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Norfolk Southern Train Derails in Alabama as CEO Testifies in Congress Over Ohio Disaster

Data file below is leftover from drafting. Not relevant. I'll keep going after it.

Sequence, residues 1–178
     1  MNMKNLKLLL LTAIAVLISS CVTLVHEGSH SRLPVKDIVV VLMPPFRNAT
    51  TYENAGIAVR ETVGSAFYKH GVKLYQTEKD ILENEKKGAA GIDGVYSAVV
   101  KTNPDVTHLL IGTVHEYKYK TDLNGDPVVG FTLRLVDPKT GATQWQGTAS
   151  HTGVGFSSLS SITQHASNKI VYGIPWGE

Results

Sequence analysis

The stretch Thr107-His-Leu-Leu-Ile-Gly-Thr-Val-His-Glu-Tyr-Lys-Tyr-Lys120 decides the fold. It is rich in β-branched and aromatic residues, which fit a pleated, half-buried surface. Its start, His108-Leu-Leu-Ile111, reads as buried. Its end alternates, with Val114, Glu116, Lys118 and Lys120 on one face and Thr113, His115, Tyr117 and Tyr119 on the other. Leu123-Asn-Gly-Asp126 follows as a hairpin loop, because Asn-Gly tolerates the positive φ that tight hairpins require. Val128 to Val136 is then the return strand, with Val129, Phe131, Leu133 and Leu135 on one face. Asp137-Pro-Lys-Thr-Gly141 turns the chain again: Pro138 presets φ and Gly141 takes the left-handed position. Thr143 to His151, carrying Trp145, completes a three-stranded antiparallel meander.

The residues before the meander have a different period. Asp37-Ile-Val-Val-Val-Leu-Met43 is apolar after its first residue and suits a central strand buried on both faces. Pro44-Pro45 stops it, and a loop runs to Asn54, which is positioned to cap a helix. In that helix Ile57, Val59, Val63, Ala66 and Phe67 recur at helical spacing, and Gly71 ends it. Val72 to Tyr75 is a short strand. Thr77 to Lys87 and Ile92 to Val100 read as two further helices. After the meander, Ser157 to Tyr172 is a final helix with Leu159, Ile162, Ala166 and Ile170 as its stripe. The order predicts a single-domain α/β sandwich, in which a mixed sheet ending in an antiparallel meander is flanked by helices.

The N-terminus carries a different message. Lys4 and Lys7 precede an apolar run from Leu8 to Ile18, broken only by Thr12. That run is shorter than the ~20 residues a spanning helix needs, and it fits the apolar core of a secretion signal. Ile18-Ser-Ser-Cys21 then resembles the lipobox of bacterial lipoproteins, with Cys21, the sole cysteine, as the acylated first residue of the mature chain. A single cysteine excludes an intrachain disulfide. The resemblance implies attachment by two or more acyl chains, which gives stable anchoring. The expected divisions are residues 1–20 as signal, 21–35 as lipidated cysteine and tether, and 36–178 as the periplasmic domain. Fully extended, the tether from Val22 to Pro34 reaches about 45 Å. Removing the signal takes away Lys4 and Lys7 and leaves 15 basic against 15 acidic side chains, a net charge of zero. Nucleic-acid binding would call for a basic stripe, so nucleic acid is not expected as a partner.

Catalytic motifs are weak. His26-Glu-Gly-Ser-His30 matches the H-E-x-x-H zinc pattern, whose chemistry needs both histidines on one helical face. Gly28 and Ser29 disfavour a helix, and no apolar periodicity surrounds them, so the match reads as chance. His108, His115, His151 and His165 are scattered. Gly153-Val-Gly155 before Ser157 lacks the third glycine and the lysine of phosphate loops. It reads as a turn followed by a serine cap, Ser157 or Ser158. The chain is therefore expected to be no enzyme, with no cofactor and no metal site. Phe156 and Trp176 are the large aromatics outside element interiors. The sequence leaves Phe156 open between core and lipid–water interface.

This April 2, 2021, file photo shows freight train cars and containers at Norfolk Southern Railroad’s Conway Yard in Conway, Pa. InternationalIndiaAfricaWASHINGTON (Sputnik) – A Norfolk Southern train has derailed in Calhoun County, Alabama. No hazardous materials were released as a result of the accident and the public is not in danger.The train originated in Atlanta, Georgia, and was heading west when it derailed in Alabama.Norfolk Southern has sent up cleanup crews on the site but officials said they cannot estimate how long the process will take.This is the third derailment of the company’s trains since last month. Over the weekend, 28 cars derailed in Springfield, Ohio, but Norfolk Southern’s general manager of operations Kraig Barner insisted that none of the derailed cars were carrying hazardous material.The accident took place as Norfolk Southern CEO Alan Shaw was set to testify in Congress on the derailment of a company train in East Palestine, Ohio, that carried hazardous materials.AmericasNorfolk Southern Unveils Safety Plan After Another Train Derails in Ohio7 March, 02:58 GMTIn prepared remarks released before a Senate hearing, Shaw said he was “determined to make it right” for the residents of East Palestine, as locals are increasingly worried about the possible health implications as well as environmental damage from the accident.The Norfolk Southern CEO apologized and reiterated a pledge of more than $21 million in relief for his company’s train derailment that resulted in the release of toxic chemicals.”I want to begin today by expressing how deeply sorry I am for the impact this derailment has had on the residents of East Palestine and the surrounding communities,” Shaw said at a hearing dedicated to the incident held by the US Senate Committee on Environment and Public Works.Shaw added that he personally committed that Norfolk Southern “will clean the site safely, thoroughly, and with urgency” in collaboration with the EPA and local and state agencies.Shaw reiterated “direct investments of over $21 million” in “community support.” This included, in part, a $1 million fund for community leaders to direct donations, $7.5 million for a community relief fund in Pennsylvania, and reimbursements for costs related to the derailment to Pennsylvanian emergency responders, and health and environmental agencies. He also announced that one of the company’s frontline railroaders who was an East Palestine resident would take on a new position as a community advocate and liaison reporting directly to his office and overseeing the distribution of another $1 million.Pennsylvania Senator Bob Casey and Ohio Senators Sherrod Brown and JD Vance condemned the “lackluster” responses from the EPA and Norfolk Southern. They accused the company of prioritizing profits over safety and vowed to hold it responsible. They also reiterated bipartisan support for their new bill, Railroad Safety Act of 2023.On February 3, a train hauling 20 cars with hazardous materials from Norfolk Southern derailed in East Palestine, Ohio. A big fire erupted due to the derailment, leading to officials to burn the vinyl chloride inside of five of the tanker cars in order to avoid a catastrophic explosion. The accident released toxic chemicals, including hydrogen chloride, phosgene, butyl acrylate and ethylene, into the environment.


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